The main purpose of this study is to examine gig workers in transportation sectors, especially focusing on workers in food delivery services, who had increased during the COVID-19 recession. By using a unique survey of 188 Uber Eats delivery persons in Japan conducted from October 2020 to January 2021, we analyze the features and labor supply behavior of the delivery persons who took the jobs during the COVID-19 recession. We found that more job losers, lower income earners and more manual workers, who are considered to be more negatively impacted by the pandemic, entered the food delivery service market during the recession. We also found that at least one-third of delivery persons worked at an hourly wage below the minimum wage, and those workers were highly concentrated in the workers who joined the market after the pandemic became severe. Based on the theory of compensating wage differentials, our analysis using hypothetical questions also found that such workers are more willing to accept jobs at lower hourly wages than those who started working at Uber Eats before COVID-19 was recognized, even under poor working conditions, such as downpours or fatigue. Our findings suggest that the gig economy, such as food delivery services, acts as an outlet for low-income and unemployed persons during recessions, indicating that such work may serve as a buffer to smooth income against business cycles. However, ample labor suppliers who are eager to take jobs with less money may exert additional downward pressure on wages during recessions.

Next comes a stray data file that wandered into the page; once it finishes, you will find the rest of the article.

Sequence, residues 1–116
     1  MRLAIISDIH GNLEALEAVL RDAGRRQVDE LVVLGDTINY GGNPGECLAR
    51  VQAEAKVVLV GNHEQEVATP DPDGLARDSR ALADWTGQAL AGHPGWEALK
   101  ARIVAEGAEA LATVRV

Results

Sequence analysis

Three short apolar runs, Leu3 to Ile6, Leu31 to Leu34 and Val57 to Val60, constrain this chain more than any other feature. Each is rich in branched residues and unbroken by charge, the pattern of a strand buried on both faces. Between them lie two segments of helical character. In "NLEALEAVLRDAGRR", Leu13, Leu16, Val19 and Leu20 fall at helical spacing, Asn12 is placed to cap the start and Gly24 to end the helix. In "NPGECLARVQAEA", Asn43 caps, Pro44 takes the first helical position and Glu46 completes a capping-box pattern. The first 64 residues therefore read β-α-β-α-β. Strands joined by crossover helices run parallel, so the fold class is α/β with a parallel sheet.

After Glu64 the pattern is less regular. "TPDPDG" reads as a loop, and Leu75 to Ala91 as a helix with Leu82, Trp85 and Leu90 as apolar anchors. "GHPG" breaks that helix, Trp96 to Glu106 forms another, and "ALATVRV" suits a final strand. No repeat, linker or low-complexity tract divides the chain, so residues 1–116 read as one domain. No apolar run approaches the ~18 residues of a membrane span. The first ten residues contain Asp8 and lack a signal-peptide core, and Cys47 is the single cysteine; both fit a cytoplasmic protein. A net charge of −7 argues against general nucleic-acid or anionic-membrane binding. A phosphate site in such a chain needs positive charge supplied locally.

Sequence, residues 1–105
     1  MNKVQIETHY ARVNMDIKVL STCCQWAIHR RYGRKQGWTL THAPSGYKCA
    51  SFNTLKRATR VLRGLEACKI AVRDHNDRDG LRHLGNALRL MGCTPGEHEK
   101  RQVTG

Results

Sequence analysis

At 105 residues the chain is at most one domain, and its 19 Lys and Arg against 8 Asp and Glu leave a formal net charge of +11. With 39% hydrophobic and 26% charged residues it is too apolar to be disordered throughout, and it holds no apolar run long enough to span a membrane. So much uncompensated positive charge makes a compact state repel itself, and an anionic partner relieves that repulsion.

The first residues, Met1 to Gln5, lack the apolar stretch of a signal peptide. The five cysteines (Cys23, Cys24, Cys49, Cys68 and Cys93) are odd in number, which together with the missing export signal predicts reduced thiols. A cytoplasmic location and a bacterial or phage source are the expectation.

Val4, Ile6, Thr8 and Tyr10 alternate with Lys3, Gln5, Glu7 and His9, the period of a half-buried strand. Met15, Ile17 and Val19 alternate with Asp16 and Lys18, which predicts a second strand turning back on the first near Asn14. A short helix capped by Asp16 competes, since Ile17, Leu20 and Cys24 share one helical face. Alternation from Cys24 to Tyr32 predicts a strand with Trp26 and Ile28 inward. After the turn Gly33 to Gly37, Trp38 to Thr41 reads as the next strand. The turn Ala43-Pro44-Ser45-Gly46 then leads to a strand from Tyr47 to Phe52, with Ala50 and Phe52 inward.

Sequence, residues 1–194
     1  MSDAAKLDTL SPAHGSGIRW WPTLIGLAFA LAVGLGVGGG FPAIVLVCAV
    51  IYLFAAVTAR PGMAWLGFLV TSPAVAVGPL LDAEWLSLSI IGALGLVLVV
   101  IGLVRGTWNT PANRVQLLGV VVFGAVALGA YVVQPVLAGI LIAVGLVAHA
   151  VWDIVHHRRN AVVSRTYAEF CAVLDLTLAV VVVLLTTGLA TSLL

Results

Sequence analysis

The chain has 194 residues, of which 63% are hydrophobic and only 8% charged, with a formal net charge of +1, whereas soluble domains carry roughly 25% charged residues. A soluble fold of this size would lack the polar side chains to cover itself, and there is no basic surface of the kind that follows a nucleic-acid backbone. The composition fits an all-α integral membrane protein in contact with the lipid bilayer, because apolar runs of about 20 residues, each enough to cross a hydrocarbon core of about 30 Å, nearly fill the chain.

|ジャーナル||Transportation Research Interdisciplinary Perspectives|
|出版ステータス||Published - 2022 3月|
ASJC Scopus subject areas
- 経営科学およびオペレーションズ リサーチ